‘A big moment’ – car shipping cartel claim delivers first opt-out class action settlement

All eyes on Competition Appeals Tribunal as it prepares to consider £1.5m deal with one of five shipping line defendants
Nakhodka. Russia - May 29, 2015: Container ship Cochrane standing on the roads at anchor.

A CSAV container ship in 2015 Shutterstock; VladSV

The class representative in the Car Delivery Charges Cartel Claim has agreed a £1.5m settlement with shipping line CSAV, one of five defendant groups involved in a price fixing cartel.

It is the first settlement of its kind to be agreed on an opt-out basis in the UK.

US claimant firm Scott+Scott, which acts for class representative Mark McLaren, and WilmerCutler, advising CSAV, have asked the Competition Appeal Tribunal to approve the settlement in December. 

The claimants originally sought £2.4m from CSAV, the smallest defendant in the claim with a 1.7% market share of the cartel. The proposed damages are accompanied by costs of £280,000 and settlement costs of £100,000.

The class action followed a six-year price fixing operation that led to a €395m settlement agreement in 2018 between the defendants and the EU. A total of £150m is being sought from the defendant group.

McLaren has brought the claim on behalf of individuals and businesses who bought or leased 17 million new cars and vans during the period in question against the defendants – five of the world’s largest shipping companies providing ‘roll-on, roll-off’ services.

Brands affected by the agreement include Ford, Vauxhall, Volkswagen, Peugeot, BMW, Mercedes-Benz, Nissan, Toyota, Citroen and Renault.

McLaren said the decision was “a significant development for the wider UK collective action regime”, while Stephen Friel, chief executive of litigation funders Woodsford, which backed the claim, said it “demonstrates the power of litigation funding to help hold large companies to account for their wrongdoing”.

Specialist group litigation barrister James White, of Henderson Chambers, commented: “This is a big moment, which will shed important light on how the collective settlement regime will function in practice, including the process of settling with one of a number of defendants.”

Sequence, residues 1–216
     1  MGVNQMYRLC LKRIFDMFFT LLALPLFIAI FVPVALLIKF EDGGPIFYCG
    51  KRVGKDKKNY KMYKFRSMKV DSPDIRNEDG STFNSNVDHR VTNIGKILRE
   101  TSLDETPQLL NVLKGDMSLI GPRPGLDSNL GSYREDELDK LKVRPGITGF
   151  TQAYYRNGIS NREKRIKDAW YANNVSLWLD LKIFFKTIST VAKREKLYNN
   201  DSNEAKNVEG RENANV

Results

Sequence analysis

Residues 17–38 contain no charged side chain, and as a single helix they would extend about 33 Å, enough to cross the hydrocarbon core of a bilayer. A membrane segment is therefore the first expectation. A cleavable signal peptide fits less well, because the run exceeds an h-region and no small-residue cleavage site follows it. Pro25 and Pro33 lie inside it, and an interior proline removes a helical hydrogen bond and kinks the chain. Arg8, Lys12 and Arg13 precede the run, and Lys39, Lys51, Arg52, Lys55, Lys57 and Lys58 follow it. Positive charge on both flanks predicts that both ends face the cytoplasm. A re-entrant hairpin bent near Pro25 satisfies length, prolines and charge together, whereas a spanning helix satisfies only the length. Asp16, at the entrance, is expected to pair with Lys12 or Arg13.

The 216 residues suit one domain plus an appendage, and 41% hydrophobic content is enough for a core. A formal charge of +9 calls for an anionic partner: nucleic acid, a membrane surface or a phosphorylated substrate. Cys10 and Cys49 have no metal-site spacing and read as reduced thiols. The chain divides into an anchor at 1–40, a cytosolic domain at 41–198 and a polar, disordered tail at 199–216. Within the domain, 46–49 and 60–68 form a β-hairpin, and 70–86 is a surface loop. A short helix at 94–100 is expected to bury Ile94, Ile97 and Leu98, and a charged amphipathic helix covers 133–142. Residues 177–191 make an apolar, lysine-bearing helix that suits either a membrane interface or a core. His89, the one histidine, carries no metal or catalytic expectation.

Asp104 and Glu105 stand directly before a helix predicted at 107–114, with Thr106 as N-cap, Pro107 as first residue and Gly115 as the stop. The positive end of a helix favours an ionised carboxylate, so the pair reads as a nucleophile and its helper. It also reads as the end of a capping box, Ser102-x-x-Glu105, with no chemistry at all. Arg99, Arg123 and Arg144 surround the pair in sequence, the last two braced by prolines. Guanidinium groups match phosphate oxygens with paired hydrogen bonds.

The settlement will be approved by the CAT on the basis of whether it is ‘just and reasonable’ for the class members, with any approved settlement sum held in escrow until the end of proceedings.

Bryan Cave Leighton Paisner partner Ed Coulson said the CAT would need to weigh up the settlement amount provisionally agreed by the parties against the costs and risks of taking the claim to trial, including whether McLaren was likely to achieve significantly more than that settlement sum at trial. 

 “The CAT will have to conduct a merits assessment, of sorts, at what is a relatively early stage in the proceedings of this case, prior to disclosure concluding and prior to full factual and expert evidence having been submitted, in determining whether it should approve the settlement,” Coulson said.

Skadden partner Bruce Macaulay added: “All eyes will be on whether it is approved and the level of scrutiny applied by the CAT.”

Pointing to the July Supreme Court PACCAR judgment, which brought into question the enforceability of funding agreements in opt-out collective proceedings, Macaulay said funders would closely follow the CAT’s decision and “whether it considers… the methodology for distributing damages appropriate”.

However, GLP understands that the potential settlement, which was negotiated prior to the PACCAR ruling and concluded after it, is not directly affected by issues arising in that case. 

The collective action was given the green light by the CAT in July 2022, but was subject to a December 2022 appeal, which failed to get the class action thrown out. In a unanimous ruling, the Court of Appeal preferred the claimant’s arguments, which it said were a matter for trial.

The court said the CAT’s rulings had sufficient justification to proceed to the next phase of litigation. It remitted the claim to the tribunal to reconsider case management on pricing and amended other aspects of the ruling, detracting from McLaren’s case. In May, the Supreme Court refused the defendants permission to appeal, clearing the way for the claim against the remaining defendants to proceed to trial in 2025. 

Scott+Scott’s legal team, led by London office head Belinda Hollway, instructed Sarah Ford KC, Emma Mockford and Sarah O’Keefe, of Brick Court Chambers, and Nicholas Gibson, of Matrix Chambers. 

The WilmerHale team was led by London-based competition partner Cormac O’Daly and instructed Sarah Abram KC, of Brick Court, and Hannah Bernstein, of Fountain Court Chambers. 

The other defendants are represented by Arnold & Porter Kaye Scholer, Cleary Gottlieb Steen & Hamilton, Steptoe & Johnson and Baker Botts, instructing counsel from Brick Court and Monckton Chambers. 

Email your news and story ideas to: news@globallegalpost.com